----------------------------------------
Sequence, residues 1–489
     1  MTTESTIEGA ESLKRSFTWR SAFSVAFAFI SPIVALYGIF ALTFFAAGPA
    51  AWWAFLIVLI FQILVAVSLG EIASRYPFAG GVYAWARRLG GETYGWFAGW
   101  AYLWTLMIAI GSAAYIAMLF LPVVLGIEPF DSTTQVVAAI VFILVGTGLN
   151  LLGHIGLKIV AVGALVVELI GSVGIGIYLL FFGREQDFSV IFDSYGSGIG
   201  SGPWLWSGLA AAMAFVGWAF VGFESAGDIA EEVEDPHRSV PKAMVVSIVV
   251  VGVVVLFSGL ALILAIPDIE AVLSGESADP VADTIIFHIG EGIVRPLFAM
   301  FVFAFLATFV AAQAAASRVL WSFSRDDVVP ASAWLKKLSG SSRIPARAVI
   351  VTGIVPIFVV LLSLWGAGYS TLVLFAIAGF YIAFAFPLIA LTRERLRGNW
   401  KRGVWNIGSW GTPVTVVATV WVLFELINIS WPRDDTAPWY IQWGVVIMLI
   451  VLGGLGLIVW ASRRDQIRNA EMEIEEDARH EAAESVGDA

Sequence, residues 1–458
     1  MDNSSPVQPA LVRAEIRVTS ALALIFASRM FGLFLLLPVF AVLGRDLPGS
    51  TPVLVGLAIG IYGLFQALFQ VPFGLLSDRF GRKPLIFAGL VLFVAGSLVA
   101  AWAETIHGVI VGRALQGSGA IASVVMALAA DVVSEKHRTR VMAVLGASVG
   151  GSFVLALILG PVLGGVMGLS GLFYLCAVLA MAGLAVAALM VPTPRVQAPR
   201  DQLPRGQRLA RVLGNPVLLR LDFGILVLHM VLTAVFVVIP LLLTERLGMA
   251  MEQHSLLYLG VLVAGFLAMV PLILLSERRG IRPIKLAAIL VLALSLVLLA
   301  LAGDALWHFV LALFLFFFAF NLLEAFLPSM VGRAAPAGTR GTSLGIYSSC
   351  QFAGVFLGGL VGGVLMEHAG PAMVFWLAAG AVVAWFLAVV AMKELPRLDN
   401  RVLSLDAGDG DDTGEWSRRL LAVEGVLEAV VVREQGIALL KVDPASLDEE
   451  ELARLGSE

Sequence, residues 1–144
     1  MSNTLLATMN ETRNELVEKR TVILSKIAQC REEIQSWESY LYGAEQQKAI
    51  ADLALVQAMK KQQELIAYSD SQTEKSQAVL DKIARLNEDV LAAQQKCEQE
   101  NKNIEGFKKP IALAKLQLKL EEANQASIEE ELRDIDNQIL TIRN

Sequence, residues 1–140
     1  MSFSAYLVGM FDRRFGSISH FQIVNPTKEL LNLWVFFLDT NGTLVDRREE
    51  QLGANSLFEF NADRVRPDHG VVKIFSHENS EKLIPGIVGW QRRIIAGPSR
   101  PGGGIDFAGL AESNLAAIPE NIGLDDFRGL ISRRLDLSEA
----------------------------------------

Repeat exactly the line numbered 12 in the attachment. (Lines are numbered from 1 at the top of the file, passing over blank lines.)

Sequence, residues 1–458